Dr Bruce responded: "I think there's a bit of a discrepancy between what you know about premixes as they exist today, which have all those problems, and what may be possible with this product.

"We will not be able to get around the inability to exquisitely titrate the prandial dose. However, if the profiles are clean and differentiated, I think this is something you could recommend with a great deal more comfort to your nondiabetes specialist colleagues, who may be in desperate need and still using conventional premixes."

Will These Newer Formulations Be Affordable?

Dr Herman, who earlier this year coauthored a research letter in the Journal of the American Medical Association about the escalating costs of insulin, told Medscape Medical News, "In the US, because of the cost of insulin, we're seeing people actually going back to the human regular [insulin] as opposed to the analogs. So at one level we're pushing better, faster, more expensive analogs, and yet, to the extent that they're unaffordable, I don't know how it's going to shake out."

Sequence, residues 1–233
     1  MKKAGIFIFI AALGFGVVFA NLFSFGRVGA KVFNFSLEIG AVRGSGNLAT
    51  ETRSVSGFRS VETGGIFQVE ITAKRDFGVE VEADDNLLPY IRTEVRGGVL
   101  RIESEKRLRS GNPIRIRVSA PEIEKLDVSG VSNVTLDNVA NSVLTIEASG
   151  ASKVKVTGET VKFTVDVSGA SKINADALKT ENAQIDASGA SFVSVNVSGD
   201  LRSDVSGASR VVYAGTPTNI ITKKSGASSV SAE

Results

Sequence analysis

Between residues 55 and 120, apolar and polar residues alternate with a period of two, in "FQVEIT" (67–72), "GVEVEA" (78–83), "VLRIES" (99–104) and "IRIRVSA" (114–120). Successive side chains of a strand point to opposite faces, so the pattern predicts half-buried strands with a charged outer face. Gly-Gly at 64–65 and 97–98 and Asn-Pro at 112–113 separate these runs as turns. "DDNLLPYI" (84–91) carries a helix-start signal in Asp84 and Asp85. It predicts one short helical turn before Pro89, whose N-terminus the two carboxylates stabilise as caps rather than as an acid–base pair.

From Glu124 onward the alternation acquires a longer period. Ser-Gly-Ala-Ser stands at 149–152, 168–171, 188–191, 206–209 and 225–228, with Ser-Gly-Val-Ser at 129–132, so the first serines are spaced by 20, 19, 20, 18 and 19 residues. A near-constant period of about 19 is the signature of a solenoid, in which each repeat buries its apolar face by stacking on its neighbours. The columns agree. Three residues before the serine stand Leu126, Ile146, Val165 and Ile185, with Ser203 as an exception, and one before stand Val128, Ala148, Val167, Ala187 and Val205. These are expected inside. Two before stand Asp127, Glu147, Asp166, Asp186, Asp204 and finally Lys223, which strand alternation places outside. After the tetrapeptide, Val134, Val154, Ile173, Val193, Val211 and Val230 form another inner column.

He added, "I think it sort of sneaked up on clinicians and they haven't really thought about it. There needs to be pushback. I think it's great that they're doing this work, but the question is what the value is for the money. If it's a premium price, how important will it be?"

Dr Heise is on the advisory board for Novo Nordisk, speaker's bureau for Eli Lilly, Mylan, and Novo Nordisk, and receives grant/research support from Adocia, AstraZeneca, BD, Biocon, Boehringer Ingelheim, Dance Pharmaceuticals, Eli Lilly, Grünenthal, Medtronic, Novo Nordisk, Novartis, Sanofi, and Senseonics. Dr Bruce is an employee and shareholder of Adocia. Dr Herman is on data safety monitoring boards for Merck and Lexicon.

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European Association for the Study of Diabetes (EASD) 2016 Annual Meeting; September 13, 2016; Munich, Germany. Abstracts 7 and 8.